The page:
Mariska Hargitay delivered a performance, unmatched by pretty much anyone but herself, in Law & Order: SVU‘s 500th episode. Any attempt to explain the impact of Hargitay’s skills tends to fall short, but the need to celebrate something that goes far beyond just “acting” remains. How do we mark this landmark accomplishment, of not only staying with a character like Olivia Benson for 23 seasons and counting, but also making her more real—more human and emotionally devastating with nearly every outing?
Maybe there are no answers. But with a once-in-a-lifetime talent such as Hargitay’s, one feels obligated to say, “I see you. I appreciate and wish to honor you. You are the reason I’ve followed along on this character’s journey, even when watching her crumble broke something vital in me.” It is certainly necessary to just keep trying to find the right way to acknowledge and praise what she has done with this episode specifically, as well as what we have witnessed for over 20 years.
There’s much that can and should be said about Hargitay’s performance in SVU 500. I’ve already struggled at making an attempt, both on Twitter and elsewhere. Critics and fans alike have sat by in awe, discussing everything from her ability to somehow make the years melt right off of her character—to send her back to that wide-eyed innocence and “first love” sparkle of a 16-year-old who wanted nothing more than to escape her mother—to the lights-out confrontation with Aidan Quinn’s Burton Lowe in his hotel room. There was so much for Mariska Hargitay to deliver as Olivia, from her heartwarming delight at reuniting with old friends and lovers, to insecurities boiling under the surface, to the ongoing trauma of a daughter who’d been hurt by a struggling mother, to possibly healing, and so much more.
And yet. Even having spent countless hours attempting to get the words right in reviewing Law & Order: SVU “The Five Hundredth Episode,” roughly two minutes of footage have continued to haunt me. They feature nothing and no one but Mariska Hargitay and her unfathomable ability to strike the rawest, most authentic, of emotions. Forgetting everything else about Olivia’s slow movement toward seeing her past with new eyes, all of which is noteworthy and deserving of every honor imaginable, we land on the scene—that singular collection of moments that only Hargitay could provide. It is, of course, Olivia’s moment of truth, when she simply allows herself to admit that, yes, she was Burton’s victim.
It’s in the way she steels herself before pulling down that box of memories, fortifying her strength with some liquid courage. It’s her panicked rush to dig through those old cassette tapes and find the one she knew was in that box, the one she knew would validate the story Amanda Rollins had shared with her back in her office. She knew it would wreck something in her, yet regardless of her desire to prove everyone wrong and continue to deny herself yet one more trauma, Olivia Benson went looking for answers. Because she is nothing if not a truth-seeker, just as Mariska Hargitay is nothing if not someone who will deliver, to an audience watching in shock, something that’s supposed to be fiction but can’t help but feel unbearably real.
There’s that bittersweet little smile upon finding what she seeks. And then, it is replaced by the horror, the agony…and just pure exhaustion from being ripped apart from the inside out, to the point where Olivia Benson finds herself needing support from the inanimate objects around her. Sitting up, unaided, is too difficult. If you have ever been there with the burden of painful memories before, you know that feeling. I do. And I’m eternally grateful that Hargitay did it justice.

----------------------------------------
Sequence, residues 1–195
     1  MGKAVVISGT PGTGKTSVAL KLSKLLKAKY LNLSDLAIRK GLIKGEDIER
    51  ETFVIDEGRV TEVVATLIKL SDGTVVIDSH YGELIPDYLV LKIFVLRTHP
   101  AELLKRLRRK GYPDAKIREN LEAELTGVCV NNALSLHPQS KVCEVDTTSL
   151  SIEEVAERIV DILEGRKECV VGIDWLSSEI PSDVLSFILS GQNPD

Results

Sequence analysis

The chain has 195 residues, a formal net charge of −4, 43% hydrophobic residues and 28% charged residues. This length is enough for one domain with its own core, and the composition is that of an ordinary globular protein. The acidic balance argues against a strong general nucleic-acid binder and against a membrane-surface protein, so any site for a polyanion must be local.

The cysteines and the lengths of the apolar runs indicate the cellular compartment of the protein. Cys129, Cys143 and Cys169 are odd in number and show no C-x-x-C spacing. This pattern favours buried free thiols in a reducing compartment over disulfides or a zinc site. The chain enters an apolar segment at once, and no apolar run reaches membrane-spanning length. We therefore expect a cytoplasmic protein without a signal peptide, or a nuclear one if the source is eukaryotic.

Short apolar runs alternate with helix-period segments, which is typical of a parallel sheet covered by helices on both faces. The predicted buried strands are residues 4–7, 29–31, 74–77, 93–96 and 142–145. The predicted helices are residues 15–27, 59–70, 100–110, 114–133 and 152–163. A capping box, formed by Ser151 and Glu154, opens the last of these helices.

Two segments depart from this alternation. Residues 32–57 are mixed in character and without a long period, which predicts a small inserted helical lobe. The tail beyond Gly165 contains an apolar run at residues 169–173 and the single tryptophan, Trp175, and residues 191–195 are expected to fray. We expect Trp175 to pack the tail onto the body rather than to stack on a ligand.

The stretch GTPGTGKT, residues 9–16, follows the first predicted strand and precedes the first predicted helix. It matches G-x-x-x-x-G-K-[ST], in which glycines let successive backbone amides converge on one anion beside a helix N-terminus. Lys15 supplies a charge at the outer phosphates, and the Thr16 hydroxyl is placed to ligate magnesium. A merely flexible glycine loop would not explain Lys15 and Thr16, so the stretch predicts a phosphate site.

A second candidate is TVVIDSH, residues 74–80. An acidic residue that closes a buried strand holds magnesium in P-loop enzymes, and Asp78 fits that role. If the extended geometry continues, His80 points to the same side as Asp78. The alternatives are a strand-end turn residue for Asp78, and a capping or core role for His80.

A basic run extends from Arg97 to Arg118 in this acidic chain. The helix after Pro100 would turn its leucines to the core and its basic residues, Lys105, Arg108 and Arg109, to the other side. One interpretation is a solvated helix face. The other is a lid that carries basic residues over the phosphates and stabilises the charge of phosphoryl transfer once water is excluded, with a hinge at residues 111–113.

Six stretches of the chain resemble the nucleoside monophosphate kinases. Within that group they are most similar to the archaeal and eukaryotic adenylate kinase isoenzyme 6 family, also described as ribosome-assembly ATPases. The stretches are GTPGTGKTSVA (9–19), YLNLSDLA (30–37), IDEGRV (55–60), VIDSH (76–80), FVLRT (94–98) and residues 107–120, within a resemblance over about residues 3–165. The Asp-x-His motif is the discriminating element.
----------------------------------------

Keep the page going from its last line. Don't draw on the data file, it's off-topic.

And again, it can not be stressed nearly enough: For all the power of so many moments, big and small, throughout “The Five Hundredth Episode,” it’s these two minutes, completely on her own to shine and deliver, that Mariska Hargitay did the most damage—drove that knife deepest into viewers’ hearts and souls and twisted. The living legend in question was given no dialogue, no scene partner—save for whatever empathy the actress was able to feel for so the many Olivia Bensons of the world, forced to reckon with the painful reality of their own locked-away memories—to play off of. Here was the spotlight, on one person and one person alone, and it illuminated something special indeed.
Nobody expects anything other than her best, the most commitment, the multitude of micro-expressions and particular vocal and physical choices Hargitay has delivered time and again. She does not do anything in front of the camera that isn’t spectacular, regardless of which story she’s telling or when. But this milestone episode, with all the weight it entailed, defied every explanation ever given to who and what she represents and is capable of.
There is a beauty in watching Olivia Benson’s journey in Law & Order: SVU 500, not because there’s anything beautiful in suffering but because the person portraying the character does so with so much detail and care. Hargitay’s performance requires one to pay tribute, no matter how difficult seeing these darkest moments may be.
The television landscape will never be the same because of her, and we certainly hope we will get to bear witness to her sense of magic, of never accepting “good enough” and always, always giving that extra something. One may never find the correct words, the type of praise worthy of describing or explaining what was done here. It is, perhaps, impossible to describe not just the talent itself…but also the gratitude to be able to have the privilege of experiencing this level of performance.
But perhaps that’s kind of the point. There are no words, save for these two: Mariska Hargitay.